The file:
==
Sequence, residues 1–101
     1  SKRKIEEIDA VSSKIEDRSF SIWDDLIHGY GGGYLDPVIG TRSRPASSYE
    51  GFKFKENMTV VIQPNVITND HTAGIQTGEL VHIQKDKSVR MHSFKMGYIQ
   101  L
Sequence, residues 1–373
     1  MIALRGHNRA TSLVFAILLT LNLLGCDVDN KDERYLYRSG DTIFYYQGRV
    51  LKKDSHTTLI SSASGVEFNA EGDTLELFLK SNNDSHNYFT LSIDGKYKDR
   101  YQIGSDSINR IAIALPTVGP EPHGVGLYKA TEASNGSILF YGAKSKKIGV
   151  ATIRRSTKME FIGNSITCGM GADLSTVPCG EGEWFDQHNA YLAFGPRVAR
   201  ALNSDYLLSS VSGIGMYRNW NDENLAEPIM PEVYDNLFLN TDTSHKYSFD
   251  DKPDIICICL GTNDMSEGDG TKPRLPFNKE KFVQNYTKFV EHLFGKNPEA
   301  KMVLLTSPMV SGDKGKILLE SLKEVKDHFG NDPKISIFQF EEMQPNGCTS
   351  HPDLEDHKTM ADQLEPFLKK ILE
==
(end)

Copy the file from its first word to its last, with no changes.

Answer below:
Sequence, residues 1–101
     1  SKRKIEEIDA VSSKIEDRSF SIWDDLIHGY GGGYLDPVIG TRSRPASSYE
    51  GFKFKENMTV VIQPNVITND HTAGIQTGEL VHIQKDKSVR MHSFKMGYIQ
   101  L
Sequence, residues 1–373
     1  MIALRGHNRA TSLVFAILLT LNLLGCDVDN KDERYLYRSG DTIFYYQGRV
    51  LKKDSHTTLI SSASGVEFNA EGDTLELFLK SNNDSHNYFT LSIDGKYKDR
   101  YQIGSDSINR IAIALPTVGP EPHGVGLYKA TEASNGSILF YGAKSKKIGV
   151  ATIRRSTKME FIGNSITCGM GADLSTVPCG EGEWFDQHNA YLAFGPRVAR
   201  ALNSDYLLSS VSGIGMYRNW NDENLAEPIM PEVYDNLFLN TDTSHKYSFD
   251  DKPDIICICL GTNDMSEGDG TKPRLPFNKE KFVQNYTKFV EHLFGKNPEA
   301  KMVLLTSPMV SGDKGKILLE SLKEVKDHFG NDPKISIFQF EEMQPNGCTS
   351  HPDLEDHKTM ADQLEPFLKK ILE